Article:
Later Pasteur confronted an even more difficult microscopic foe, the virus that causes rabies. He had begun intense experiments on rabies, a horrifying disease that’s almost always fatal, caused usually by the bites of rabid dogs or other animals. His experiments failed to find any bacterial cause for rabies, leading him to realize that it must be the result of some agent too small to see with his microscope. He could not grow cultures in lab dishes of what he could not see. So instead he decided to grow the disease-causing agent in living tissue — the spinal cords of rabbits. He used dried-out strips of spinal cord from infected rabbits to vaccinate other animals that then survived rabies injections.
Pasteur hesitated to test his rabies treatment on humans. Still, in 1885 when a mother brought to his lab a 9-year-old boy who had been badly bitten by a rabid dog, Pasteur agreed to administer the new vaccine. After a series of injections, the boy recovered fully. Soon more requests came for the rabies vaccine, and by early the next year over 300 rabies patients had received the vaccine and survived, with only one death among them.
Popularly hailed as a hero, Pasteur was also vilified by some hostile doctors, who considered him an uneducated interloper in medicine. Vaccine opponents complained that his vaccine was an untested method that might itself cause death. But of course, critics had also rejected Pasteur’s view of fermentation, the germ theory of disease and his disproof of spontaneous generation.
Pasteur stood his ground and eventually prevailed (although he did not turn out to be right about everything). His attitude and legacy of accomplishments inspired 20th century scientists to develop vaccines for more than a dozen deadly diseases. Still more diseases succumbed to antibiotics, following the discovery of penicillin by Alexander Fleming — who declared, “Without Pasteur I would have been nothing.”
Even in Pasteur’s own lifetime, thanks to his defeat of rabies, his public reputation was that of a genius.
Pasteur’s scientific legacy
As geniuses go, Pasteur was the opposite of Einstein. To get inspiration for his theories, Einstein imagined riding aside a light beam or daydreamed about falling off a ladder. Pasteur stuck to experiments. He typically initiated his experiments with a suspected result in mind, but he was scrupulous in verifying the conclusions he drew from them. Preconceived ideas, he said, can guide the experimenter’s interrogation of nature but must be abandoned in light of contrary evidence. “The greatest derangement of the mind,” he declared, “is to believe in something because one wishes it to be so.”
So even when Pasteur was sure his view was correct, he insisted on absolute proof, conducting many experiments over and over with variations designed to rule out all but the true interpretation.
“If Pasteur was a genius, it was not through ethereal subtlety of mind,” wrote Pasteur scholar Gerald Geison. Rather, he exhibited “clear-headedness, extraordinary experimental skill and tenacity — almost obstinacy — of purpose.”
His tenacity, or obstinacy, helped him persevere through several personal tragedies, such as the deaths of three of his daughters, in 1859, 1865 and 1866. And then in 1868 he suffered a cerebral hemorrhage that left him paralyzed on his left side. But that did not slow his pace or impair continuing his investigations.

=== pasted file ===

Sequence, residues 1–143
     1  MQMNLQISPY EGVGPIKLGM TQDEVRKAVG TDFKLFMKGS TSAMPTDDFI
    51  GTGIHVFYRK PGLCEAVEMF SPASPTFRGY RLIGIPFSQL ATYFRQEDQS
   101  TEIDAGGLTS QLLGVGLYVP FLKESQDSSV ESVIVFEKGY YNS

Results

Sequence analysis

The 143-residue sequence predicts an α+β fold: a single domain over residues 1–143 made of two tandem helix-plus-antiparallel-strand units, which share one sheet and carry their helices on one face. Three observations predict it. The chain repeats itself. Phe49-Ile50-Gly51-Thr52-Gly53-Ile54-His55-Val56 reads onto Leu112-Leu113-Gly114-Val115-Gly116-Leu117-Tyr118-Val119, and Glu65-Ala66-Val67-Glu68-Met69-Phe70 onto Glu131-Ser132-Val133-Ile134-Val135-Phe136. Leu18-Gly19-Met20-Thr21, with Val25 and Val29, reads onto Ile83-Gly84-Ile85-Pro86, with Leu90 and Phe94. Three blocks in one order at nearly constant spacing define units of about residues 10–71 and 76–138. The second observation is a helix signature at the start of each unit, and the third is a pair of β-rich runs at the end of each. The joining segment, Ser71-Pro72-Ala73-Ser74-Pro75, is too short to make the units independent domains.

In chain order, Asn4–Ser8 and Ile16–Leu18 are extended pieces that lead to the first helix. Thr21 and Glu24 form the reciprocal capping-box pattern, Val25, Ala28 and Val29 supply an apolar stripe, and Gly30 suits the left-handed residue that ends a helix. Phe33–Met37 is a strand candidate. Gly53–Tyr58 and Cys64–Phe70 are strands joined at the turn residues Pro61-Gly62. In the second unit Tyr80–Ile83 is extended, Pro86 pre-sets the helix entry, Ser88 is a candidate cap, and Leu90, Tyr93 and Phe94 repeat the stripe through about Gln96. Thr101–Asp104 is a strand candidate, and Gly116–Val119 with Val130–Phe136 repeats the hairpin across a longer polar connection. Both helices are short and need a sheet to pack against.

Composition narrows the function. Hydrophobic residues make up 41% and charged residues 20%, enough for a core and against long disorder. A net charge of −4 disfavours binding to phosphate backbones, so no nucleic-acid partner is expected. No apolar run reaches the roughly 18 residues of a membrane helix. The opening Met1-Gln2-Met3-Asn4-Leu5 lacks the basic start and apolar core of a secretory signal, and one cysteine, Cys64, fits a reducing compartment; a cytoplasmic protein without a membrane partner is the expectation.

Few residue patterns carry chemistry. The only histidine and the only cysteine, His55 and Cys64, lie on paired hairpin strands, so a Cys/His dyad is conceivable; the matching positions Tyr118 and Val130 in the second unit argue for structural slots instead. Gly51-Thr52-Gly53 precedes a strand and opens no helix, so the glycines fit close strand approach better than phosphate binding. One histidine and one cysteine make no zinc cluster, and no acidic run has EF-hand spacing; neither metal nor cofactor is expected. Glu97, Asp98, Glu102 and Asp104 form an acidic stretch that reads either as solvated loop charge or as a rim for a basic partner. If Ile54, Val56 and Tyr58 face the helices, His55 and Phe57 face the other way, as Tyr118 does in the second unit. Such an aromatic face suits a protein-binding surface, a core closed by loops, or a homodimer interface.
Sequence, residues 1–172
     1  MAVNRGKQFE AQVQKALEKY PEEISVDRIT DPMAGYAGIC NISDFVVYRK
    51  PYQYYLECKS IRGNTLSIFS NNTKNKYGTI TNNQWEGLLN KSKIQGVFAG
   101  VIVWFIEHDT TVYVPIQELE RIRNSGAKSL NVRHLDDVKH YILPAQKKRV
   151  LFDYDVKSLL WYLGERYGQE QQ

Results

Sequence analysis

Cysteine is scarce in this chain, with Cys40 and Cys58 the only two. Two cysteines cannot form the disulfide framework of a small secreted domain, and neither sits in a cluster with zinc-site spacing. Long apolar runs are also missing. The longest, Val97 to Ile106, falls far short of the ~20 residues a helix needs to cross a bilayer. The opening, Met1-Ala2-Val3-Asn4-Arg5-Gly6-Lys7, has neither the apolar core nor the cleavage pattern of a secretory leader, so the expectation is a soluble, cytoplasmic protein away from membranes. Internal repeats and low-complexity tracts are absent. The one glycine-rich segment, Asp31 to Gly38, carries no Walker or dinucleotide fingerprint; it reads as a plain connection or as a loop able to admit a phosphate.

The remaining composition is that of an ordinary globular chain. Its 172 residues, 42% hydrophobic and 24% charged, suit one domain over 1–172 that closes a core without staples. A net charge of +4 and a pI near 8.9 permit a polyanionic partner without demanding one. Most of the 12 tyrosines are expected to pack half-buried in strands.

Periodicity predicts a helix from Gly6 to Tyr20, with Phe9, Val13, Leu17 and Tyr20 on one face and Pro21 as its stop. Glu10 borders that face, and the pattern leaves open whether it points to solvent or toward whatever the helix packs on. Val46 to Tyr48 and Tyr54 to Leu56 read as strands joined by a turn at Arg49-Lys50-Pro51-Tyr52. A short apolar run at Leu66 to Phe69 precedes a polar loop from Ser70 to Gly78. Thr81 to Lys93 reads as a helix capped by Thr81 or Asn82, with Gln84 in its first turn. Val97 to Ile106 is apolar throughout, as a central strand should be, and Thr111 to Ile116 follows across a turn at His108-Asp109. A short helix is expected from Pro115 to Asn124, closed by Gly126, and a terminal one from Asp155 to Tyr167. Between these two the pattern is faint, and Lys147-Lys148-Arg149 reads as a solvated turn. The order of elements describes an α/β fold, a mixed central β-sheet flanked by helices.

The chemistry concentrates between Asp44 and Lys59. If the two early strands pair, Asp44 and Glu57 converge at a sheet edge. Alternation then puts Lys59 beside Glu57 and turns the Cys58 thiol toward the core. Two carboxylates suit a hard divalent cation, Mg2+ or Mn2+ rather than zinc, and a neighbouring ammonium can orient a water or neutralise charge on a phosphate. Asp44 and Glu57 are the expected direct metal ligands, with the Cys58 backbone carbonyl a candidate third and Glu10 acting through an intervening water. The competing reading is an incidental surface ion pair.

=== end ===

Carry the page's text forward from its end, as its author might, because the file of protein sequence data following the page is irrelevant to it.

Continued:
“Whatever the circumstances in which he had to work, he never submitted to them, but instead molded them to the demands of his imagination and his will,” Dubos wrote. “He was probably the most dedicated servant that science ever had.”
To the end of his life, Pasteur remained dedicated to science and the scientific method, stressing the importance of experimental science for the benefit of society. Laboratories are “sacred institutions,” he asserted. “Demand that they be multiplied and adorned; they are the temples of wealth and of the future.”
Three years before his death in 1895, Pasteur further extolled the value of science and asserted his optimism that the scientific spirit would prevail. In an address, delivered for him by his son, at a ceremony at the Sorbonne in Paris, he expressed his “invincible belief … that science and peace will triumph over ignorance and war, that nations will unite, not to destroy, but to build, and that the future will belong to those who will have done most for suffering humanity.”
Two hundred years after his birth, ignorance and war remain perniciously prominent, as ineradicable as the microbes that continue to threaten public health, with the virus causing COVID-19 the latest conspicuous example. Vaccines, though, have substantially reduced the risks from COVID-19, extending the record of successful vaccines that have already tamed not only smallpox and rabies, but also polio, measles and a host of other once deadly maladies.
Yet even though vaccines have saved countless millions of lives, some politicians and so-called scientists who deny or ignore overwhelming evidence continue to condemn vaccines as more dangerous than the diseases they prevent. True, some vaccines can induce bad reactions, even fatal in a few cases out of millions of vaccinations. But shunning vaccines today, as advocated in artificially amplified social media outrage, is like refusing to eat because some people choke to death on sandwiches.
Today, Pasteur would be vilified just as he was in his own time, probably by some people who don’t even realize that they can safely drink milk because of him. Nobody knows exactly what Pasteur would say to these people now. But it’s certain that he would stand up for truth and science, and would be damn sure to tell everybody to get vaccinated.